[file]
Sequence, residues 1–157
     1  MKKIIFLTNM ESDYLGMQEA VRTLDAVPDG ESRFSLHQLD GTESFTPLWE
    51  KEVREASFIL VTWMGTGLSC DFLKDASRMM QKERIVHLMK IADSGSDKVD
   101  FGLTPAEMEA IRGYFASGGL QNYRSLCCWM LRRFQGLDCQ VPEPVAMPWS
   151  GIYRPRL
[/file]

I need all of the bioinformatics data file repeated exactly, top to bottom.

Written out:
Sequence, residues 1–157
     1  MKKIIFLTNM ESDYLGMQEA VRTLDAVPDG ESRFSLHQLD GTESFTPLWE
    51  KEVREASFIL VTWMGTGLSC DFLKDASRMM QKERIVHLMK IADSGSDKVD
   101  FGLTPAEMEA IRGYFASGGL QNYRSLCCWM LRRFQGLDCQ VPEPVAMPWS
   151  GIYRPRL